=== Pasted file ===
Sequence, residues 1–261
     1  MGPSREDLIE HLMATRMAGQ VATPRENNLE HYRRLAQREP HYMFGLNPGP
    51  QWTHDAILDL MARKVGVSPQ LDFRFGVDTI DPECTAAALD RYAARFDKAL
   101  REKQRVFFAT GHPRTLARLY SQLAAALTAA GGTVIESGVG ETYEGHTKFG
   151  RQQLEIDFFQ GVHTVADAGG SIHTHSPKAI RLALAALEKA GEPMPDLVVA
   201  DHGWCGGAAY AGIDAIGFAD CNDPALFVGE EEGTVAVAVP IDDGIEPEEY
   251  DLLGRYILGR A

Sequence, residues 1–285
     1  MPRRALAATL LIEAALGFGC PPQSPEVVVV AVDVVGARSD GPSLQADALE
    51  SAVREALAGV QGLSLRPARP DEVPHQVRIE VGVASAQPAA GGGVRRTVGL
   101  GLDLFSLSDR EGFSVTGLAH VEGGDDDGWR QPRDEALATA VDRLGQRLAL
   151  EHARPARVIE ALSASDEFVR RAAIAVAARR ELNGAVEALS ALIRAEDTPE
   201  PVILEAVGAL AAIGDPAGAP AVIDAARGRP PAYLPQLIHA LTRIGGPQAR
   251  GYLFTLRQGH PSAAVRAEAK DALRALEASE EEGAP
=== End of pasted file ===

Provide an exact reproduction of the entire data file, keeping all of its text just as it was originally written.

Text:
Sequence, residues 1–261
     1  MGPSREDLIE HLMATRMAGQ VATPRENNLE HYRRLAQREP HYMFGLNPGP
    51  QWTHDAILDL MARKVGVSPQ LDFRFGVDTI DPECTAAALD RYAARFDKAL
   101  REKQRVFFAT GHPRTLARLY SQLAAALTAA GGTVIESGVG ETYEGHTKFG
   151  RQQLEIDFFQ GVHTVADAGG SIHTHSPKAI RLALAALEKA GEPMPDLVVA
   201  DHGWCGGAAY AGIDAIGFAD CNDPALFVGE EEGTVAVAVP IDDGIEPEEY
   251  DLLGRYILGR A

Sequence, residues 1–285
     1  MPRRALAATL LIEAALGFGC PPQSPEVVVV AVDVVGARSD GPSLQADALE
    51  SAVREALAGV QGLSLRPARP DEVPHQVRIE VGVASAQPAA GGGVRRTVGL
   101  GLDLFSLSDR EGFSVTGLAH VEGGDDDGWR QPRDEALATA VDRLGQRLAL
   151  EHARPARVIE ALSASDEFVR RAAIAVAARR ELNGAVEALS ALIRAEDTPE
   201  PVILEAVGAL AAIGDPAGAP AVIDAARGRP PAYLPQLIHA LTRIGGPQAR
   251  GYLFTLRQGH PSAAVRAEAK DALRALEASE EEGAP